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States to conduct congressional redistricting through independent commissions);

H.R.1102, 115th Congress (2017) (same); H.R. 713, 115th Congress (2017) (requiring

States to adopt procedures for public comment on redistricting plans). Simply put,

Congress has set stricter requirements for redistricting in the past, and nothing but

political will prevents it from doing so again.

ii. Action by the Court Interferes with Political


Accountability.

There is an argument to be made that extreme gerrymandering frustrates the ability

of the people to hold their elected officials accountable. However, court interference

with redistricting would only frustrate political accountability.

When state legislatures draw district lines, they do so in the public eye. If these

legislatures draw district lines that are perceived to be unfair, they risk electoral pushback

from citizens on both sides of the political aisle. 23 In the absence of court action, that

pushback can be precisely focused on the state legislatures responsible for partisan

gerrymandering. When federal courts step in, however, they do so at the risk of

muddying the waters—potentially providing state legislatures with enough cover to argue

23
See, e.g., Arizona State Legislature, 135 S. Ct. at 2658 (“In 2000, Arizona voters
adopted an initiative, Proposition 106, aimed at ‘ending the practice of gerrymandering
and improving voter and candidate participation in elections.’”); Jeffrey Toobin, Saving
Democracy in Florida, THE NEW YORKER (July 22, 2014),
https://www.newyorker.com/news/daily-comment/saving-democracy-florida (“The
redistricting behavior of state legislators has become so craven that a modest political
backlash has developed, and a few hopeful signs have emerged. One came last month, in
Florida. . . . Florida voters passed an amendment to the state constitution that banned the
creation of legislative districts ‘with the intent to favor or disfavor a political party or an
incumbent.’”).
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that their hands are tied by the courts and that they are not responsible for a controversial

map. Thus, court action in this area risks diffracting political pressure that would

otherwise rest squarely on the shoulders of the responsible legislators. 24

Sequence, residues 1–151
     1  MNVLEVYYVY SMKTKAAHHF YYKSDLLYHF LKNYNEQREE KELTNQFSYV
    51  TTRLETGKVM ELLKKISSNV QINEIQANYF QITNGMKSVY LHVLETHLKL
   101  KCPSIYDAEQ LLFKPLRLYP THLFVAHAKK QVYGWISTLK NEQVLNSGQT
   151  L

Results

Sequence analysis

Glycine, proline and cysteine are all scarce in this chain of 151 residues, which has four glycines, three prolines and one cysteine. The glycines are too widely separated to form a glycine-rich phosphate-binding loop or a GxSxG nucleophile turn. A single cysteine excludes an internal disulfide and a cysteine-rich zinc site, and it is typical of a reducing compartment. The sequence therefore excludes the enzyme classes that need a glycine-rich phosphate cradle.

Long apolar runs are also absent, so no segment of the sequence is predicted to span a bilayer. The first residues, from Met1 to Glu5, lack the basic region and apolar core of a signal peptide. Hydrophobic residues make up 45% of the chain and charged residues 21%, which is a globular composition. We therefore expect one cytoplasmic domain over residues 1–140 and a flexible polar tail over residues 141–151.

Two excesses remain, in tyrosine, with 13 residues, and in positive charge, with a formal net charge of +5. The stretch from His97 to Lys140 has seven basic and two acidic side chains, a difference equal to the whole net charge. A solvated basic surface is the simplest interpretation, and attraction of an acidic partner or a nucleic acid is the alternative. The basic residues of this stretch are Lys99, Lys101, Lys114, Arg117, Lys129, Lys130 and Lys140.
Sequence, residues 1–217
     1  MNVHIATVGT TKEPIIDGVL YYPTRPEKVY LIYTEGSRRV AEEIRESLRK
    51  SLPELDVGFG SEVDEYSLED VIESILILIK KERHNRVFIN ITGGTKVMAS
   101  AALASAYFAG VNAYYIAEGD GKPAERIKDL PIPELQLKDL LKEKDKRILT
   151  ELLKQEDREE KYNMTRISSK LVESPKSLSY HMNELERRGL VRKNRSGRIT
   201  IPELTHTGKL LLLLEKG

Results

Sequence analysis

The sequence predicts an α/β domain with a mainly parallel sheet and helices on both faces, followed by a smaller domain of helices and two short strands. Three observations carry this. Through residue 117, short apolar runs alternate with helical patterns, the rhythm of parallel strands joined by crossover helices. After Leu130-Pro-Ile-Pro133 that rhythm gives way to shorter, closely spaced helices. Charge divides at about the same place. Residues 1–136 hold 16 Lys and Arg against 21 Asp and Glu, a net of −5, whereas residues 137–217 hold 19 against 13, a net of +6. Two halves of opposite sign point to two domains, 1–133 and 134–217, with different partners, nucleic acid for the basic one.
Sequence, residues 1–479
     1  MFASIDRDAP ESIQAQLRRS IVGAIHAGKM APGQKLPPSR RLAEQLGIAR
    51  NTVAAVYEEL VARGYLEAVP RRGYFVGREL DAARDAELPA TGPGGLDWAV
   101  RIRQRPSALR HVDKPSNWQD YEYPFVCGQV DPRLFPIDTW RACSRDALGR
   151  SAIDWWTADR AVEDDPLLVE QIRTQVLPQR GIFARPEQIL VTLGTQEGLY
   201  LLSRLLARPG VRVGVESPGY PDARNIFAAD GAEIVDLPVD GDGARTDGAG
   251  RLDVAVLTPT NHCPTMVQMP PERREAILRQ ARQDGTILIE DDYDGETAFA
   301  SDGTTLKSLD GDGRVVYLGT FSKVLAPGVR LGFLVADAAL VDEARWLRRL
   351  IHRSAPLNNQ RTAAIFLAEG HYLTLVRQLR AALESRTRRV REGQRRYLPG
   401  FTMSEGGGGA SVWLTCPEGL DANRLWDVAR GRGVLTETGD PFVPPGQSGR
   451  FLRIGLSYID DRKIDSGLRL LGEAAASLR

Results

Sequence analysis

In addition to shielding state legislatures, court intervention shields the federal

Congress from political accountability. Here, it seems that Plaintiffs ask this Court to

intervene on the basis that Congress’ decision not to override particular state regulations

reflects Congress’ inability to override particular state regulations. Thus, the courts must

step in to resolve the controversy. Congress, however, has proven itself quite capable of

exercising its power under the Elections Clause. When Congress decides against

exercising its power to remedy state regulations, it does so publicly—and with the risk

that constituents will object to such inaction. 25

Although Plaintiffs might argue that inaction presents Congress with no real

political risk because gerrymandering ensures that their particular seats are safe, this

ignores the fact that the Elections Clause places the power to alter state regulations in

both houses of Congress. Federal Senators—who must win statewide elections and for

24
See McDaniel v. Sanchez, 452 U.S. 130, 150 n.30 (1981) (“Moreover, even after
a federal court has found a districting plan unconstitutional, ‘redistricting and
reapportioning legislative bodies is a legislative task which the federal courts should
make every effort not to pre-empt.’” (quoting Wise v. Lipscomb, 437 U.S. 535, 539
(1978)).
25
See Michael T. Morley, Essay, The New Elections Clause, 91 NOTRE DAME L.
REV. ONLINE 79, 91 (2016) (“Allowing Congress to control and even determine the
outcomes of federal elections creates a substantial risk of direct partisan manipulation.
Yet the Constitution’s structure embodies the Framers’ repeated, deliberate decisions to
entrust Congress with such responsibility.”).

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whom gerrymandering has no effect—are particularly vulnerable to organized political

pushback from constituents who may be displeased with congressional inaction.

Injecting the federal courts into line drawing decisions comes with the risk of permitting

federal Congressmen to duck political accountability by placing the blame on the

judiciary.

iii. The Political Process is Available.

The argument that the political process is hopelessly broken, warranting court

intervention, has proven before to be specious. Two years after the Supreme Court